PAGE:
The U.S. Court of Appeals for the Third Circuit recently became the first circuit court to address the question of whether a corporate parent can set off an obligation that it owes to a bankrupt company against a claim owed by such company to the parent’s subsidiary. A couple of years ago, in the chapter 11 case of Orexigen Therapeutics in the District of Delaware, former Bankruptcy Judge Kevin Gross denied a motion to allow such a “triangular” setoff. Last month, the Third Circuit affirmed, handing down a clear opinion that should largely put to rest an issue that has vexed debtors and creditors in numerous chapter 11 cases. (Kelley Drye & Warren LLP represents the indenture trustee for the holders of certain secured notes in Orexigen Therapeutics, but took no part in the matters discussed here).

The doctrine of setoff allows for debts to be cancelled out, in order to avoid what has been described by courts as the inequity of forcing a non-bankrupt party to pay its obligation to a bankrupt party in full, while only receiving back a small fraction of its claim. The right of setoff thereby creates a significant exception to a fundamental policy underlying the Bankruptcy Code, which is that similarly-situated creditors should receive similar treatment.

The facts in Orexigen Therapeutics are straightforward.  Orexigen, a pharmaceutical company, filed for chapter 11 in March 2018.  Prior to its bankruptcy, Orexigen entered into a distribution agreement with a company (“Parent”), and a separate services agreement with Parent’s subsidiary (“Subsidiary”).  At the time of the bankruptcy filing, Parent owed nearly $7 million to Orexigen under the distribution agreement, and Orexigen owed approximately $9.1 million to Subsidiary. The terms of the distribution agreement stated that obligations owed by Parent to Orexigen could be set off against debts owed by Orexigen to any affiliate of Parent.

A sale of substantially all of Orexigen’s assets fell significantly short of the amounts owed to Orexigen’s secured creditors, leaving unsecured creditors with claims worth no more than a few cents on the dollar at best.  Knowing that Subsidiary’s claim would otherwise be virtually worthless, Parent sought permission to exercise its right under the distribution agreement to effectuate a triangular setoff and apply the amounts owed by Parent to Orexigen against the amounts owed by Orexigen to Subsidiary.

Section 553 of the Bankruptcy Code recognizes the right of setoff in bankruptcy to the extent that it may be available to a creditor under applicable state law, but only so long as the debts to be set off are “mutual”. Aware that courts have construed the mutuality requirement to mean that the debts to be set off against each other be due to and from the same persons or entities in the same capacity, Parent argued that the key factor instead was whether Parent would have had a cognizable right of setoff outside of bankruptcy. Seeking to minimize the importance of the “mutuality” requirement, Parent emphasized that the distribution agreement expressly provided that Parent could set off amounts it owed to Orexigen against amounts owed to any of Parent’s affiliates or subsidiaries, and that California law, which governed the distribution agreement, permitted such triangular setoffs.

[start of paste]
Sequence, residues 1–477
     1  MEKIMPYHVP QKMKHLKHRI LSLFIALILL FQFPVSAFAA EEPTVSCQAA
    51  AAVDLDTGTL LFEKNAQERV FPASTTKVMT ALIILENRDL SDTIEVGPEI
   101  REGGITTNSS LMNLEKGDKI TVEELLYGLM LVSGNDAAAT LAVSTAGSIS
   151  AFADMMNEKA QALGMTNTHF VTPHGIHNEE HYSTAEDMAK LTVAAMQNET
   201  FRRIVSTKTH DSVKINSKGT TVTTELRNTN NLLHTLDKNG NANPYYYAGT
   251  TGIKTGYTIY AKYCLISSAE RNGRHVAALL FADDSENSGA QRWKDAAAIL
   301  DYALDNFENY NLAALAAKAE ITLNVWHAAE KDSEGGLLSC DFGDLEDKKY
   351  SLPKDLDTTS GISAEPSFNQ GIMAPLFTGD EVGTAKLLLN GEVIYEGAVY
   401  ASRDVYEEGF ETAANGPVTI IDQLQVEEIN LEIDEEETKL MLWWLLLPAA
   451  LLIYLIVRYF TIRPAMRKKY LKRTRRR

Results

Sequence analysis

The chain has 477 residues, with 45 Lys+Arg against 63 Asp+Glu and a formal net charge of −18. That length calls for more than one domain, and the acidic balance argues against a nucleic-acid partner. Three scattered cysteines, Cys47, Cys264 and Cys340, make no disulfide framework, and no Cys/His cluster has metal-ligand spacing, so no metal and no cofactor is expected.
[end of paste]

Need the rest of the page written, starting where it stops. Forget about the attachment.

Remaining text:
The Third Circuit disagreed. The “mutuality” requirement set forth in section 553, it held, is a limiting term, and it dismissed Parent’s contention that parties could contractually work around “mutuality”. In reaching this determination, the Third Circuit panel adopted the reasoning of Judge Brendan Shannon in In re SemCrude,L.P., an earlier Delaware Bankruptcy Court opinion on which Judge Gross had relied. In rejecting a similar effort to enforce a contractual triangular setoff right, Judge Shannon had determined that the mutuality requirement of Section 553 compelled the disallowance of such setoffs, because the debts were owed to and from different corporate entities. Judge Kent Jordan, writing for the unanimous Third Circuit panel, stated, “[We] agree with and adopt the SemCrude court’s well-reasoned conclusion that Congress intended for mutuality to mean only debts owing between two parties . . . [and that] Congress did not intend to include within the concept of mutuality any contractual elaboration on that kind of simple, bilateral relationship.”

The Orexigen decision is the first ruling by a U.S. Court of Appeals on triangular setoffs. Given the ubiquity of dealings among related corporate entities, and the minimal recoveries usually obtained by unsecured creditors in chapter 11 cases, it can be expected that there will be further attempts to effectuate triangular setoffs in bankruptcy cases outside of the Third Circuit. However, despite the creative arguments that counsel for such creditors are likely to develop and assert, it can reasonably be expected that the Third Circuit’s reasoning will be followed in most cases, and that triangular setoffs in bankruptcy are effectively a dead letter.